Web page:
ZE: There are definitely a few. With the exception of some of the major high school programs in the country, often times prep players who reach college were dominating ordinary high school opponents for most of their careers. So going from that situation to playing against comparative college athletes can be a huge shock to a freshman, one who might not appreciate the gravity of a situation. Plus, from a coach's perspective, you risk playing a freshman who isn't ready in front of a junior or senior who might know the system better. What do you think are the advantages?

MR: The sheer fact that these kids are hungry. They are going against those juniors and seniors every day in practice and they're not expected to make an impact. So they're going to work to prove they belong. Plus there's the unknown factor. We're so ingrained now to study every angle of the game, and technology allows advance scouting to play a bigger role than ever before. You know a guy's tendencies, their tells, how they like to run, what their technique is. When it comes to a freshman, there isn't a book on these guys. There's little to no film. They're a mystery. Just look at Pittsburgh facing Winston in his first game. Sure, they knew he was good and a five-star recruit, but they weren't ready for what he was able to bring. I know there are risks involved, but it's about trusting your recruiters and the players on your team. You have to let the cream rise to the top and give those guys a chance. Have a firm grasp of what's going on in your program. When you're merely playing freshmen because you're faced with injuries (cough cough Florida), that's the wrong time. If you can plug guys in because they really can play, you give your team a really nice boost.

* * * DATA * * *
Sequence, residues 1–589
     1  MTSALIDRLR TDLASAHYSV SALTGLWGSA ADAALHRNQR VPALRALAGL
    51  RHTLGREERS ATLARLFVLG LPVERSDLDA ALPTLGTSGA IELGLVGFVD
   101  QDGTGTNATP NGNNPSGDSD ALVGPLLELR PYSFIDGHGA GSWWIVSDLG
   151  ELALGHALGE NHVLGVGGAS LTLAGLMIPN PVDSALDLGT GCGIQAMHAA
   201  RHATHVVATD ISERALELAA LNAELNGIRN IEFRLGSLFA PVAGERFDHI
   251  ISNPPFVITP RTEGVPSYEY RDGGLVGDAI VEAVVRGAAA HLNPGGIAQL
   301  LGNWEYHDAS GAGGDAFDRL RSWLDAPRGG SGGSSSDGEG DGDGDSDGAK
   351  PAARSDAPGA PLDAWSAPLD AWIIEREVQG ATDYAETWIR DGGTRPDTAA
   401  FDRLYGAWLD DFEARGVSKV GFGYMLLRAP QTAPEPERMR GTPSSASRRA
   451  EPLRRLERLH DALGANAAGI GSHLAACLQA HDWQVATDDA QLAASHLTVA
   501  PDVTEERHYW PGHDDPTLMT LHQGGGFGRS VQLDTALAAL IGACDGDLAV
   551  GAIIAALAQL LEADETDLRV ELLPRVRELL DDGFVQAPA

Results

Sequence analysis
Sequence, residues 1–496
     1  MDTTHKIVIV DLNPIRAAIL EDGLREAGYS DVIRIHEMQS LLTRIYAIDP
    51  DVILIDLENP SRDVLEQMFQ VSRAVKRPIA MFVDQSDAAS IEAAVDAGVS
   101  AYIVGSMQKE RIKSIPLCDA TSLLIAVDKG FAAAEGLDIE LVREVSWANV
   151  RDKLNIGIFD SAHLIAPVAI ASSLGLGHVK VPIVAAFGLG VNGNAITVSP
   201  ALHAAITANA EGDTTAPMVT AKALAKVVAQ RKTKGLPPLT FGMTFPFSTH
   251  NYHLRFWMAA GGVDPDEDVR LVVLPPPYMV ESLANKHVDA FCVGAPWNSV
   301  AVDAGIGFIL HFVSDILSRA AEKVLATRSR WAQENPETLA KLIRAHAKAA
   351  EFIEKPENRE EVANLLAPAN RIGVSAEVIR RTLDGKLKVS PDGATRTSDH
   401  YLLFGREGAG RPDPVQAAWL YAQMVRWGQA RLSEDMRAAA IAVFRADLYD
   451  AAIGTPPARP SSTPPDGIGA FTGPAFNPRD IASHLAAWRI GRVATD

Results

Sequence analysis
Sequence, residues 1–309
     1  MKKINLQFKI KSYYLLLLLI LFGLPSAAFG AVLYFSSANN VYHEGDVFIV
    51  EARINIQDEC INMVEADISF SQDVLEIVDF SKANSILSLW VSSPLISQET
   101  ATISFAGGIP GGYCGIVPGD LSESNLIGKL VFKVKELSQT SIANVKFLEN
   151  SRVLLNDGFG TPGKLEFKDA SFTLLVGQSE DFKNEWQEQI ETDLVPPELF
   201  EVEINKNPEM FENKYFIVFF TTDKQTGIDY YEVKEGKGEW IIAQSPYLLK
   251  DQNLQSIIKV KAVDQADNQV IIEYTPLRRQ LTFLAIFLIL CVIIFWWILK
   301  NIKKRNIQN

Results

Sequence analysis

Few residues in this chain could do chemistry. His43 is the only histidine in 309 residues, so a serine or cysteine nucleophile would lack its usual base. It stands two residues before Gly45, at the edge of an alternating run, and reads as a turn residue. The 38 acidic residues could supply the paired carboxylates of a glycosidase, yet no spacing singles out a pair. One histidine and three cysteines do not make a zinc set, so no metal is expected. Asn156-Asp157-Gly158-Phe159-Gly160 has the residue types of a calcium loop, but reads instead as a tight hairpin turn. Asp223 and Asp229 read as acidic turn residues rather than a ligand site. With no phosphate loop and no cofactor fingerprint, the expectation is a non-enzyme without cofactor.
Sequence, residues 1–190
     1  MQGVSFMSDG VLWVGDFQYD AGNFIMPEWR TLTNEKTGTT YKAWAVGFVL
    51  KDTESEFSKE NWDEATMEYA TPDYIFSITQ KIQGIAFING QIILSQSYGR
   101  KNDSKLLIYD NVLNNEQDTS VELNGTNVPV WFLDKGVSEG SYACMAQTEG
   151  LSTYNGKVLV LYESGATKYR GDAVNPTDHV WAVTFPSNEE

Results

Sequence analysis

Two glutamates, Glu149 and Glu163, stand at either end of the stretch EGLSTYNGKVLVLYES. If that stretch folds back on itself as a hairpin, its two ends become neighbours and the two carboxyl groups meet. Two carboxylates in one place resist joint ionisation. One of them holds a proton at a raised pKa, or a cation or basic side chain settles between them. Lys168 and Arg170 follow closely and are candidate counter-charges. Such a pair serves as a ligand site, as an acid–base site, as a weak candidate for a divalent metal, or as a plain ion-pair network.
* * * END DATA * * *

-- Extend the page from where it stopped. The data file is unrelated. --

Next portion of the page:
ZE: And that's why I think this trend won't go away anytime soon. Just look at the last two seasons. Johnny Manziel became the first freshman to win the Heisman last season, and Winston is right up there in that same conversation. Manziel's situation, in particular, is interesting because he almost went to Oregon, where he likely would have sat behind Marcus Mariota on the depth chart and we might never have known Johnny Football. Coaches see these examples and wonder what hidden gems are hiding on their own benches, or in their own recruiting classes. If the Manziels and Winstons of the college football world weren't putting the sport on notice, we might not see as many big-time recruits getting shots on the field this early. But all in all, I think it has to be good for football because fresh, talented prospects coming on campus every year are going to make the veterans on a team work that much hard for playing time. What do you think?

MR: That's the best part of college football. Every year these freshmen are out there, and some are expected to perform, and others are completely random and amazing. Then we set them free into the world and watch them grow, and we welcome new college football babies into our lives. It isn't even Manziel who set this trend. Heck, Robert Griffin III made his way into Baylor's first game against Wake Forest and never looked back (injuries excluded). Sure, we see the big-time quarterbacks making a difference, but I'm even more excited about the skill players and the defensive guys. This is good for everyone. The players who get game experience earlier, the coaches who get more depth and experience even if there are growing pains, the fans who get new stars and sports crushes sooner than usual, and the NFL, which is able to get a more thorough scouting report on a guy with a deeper look.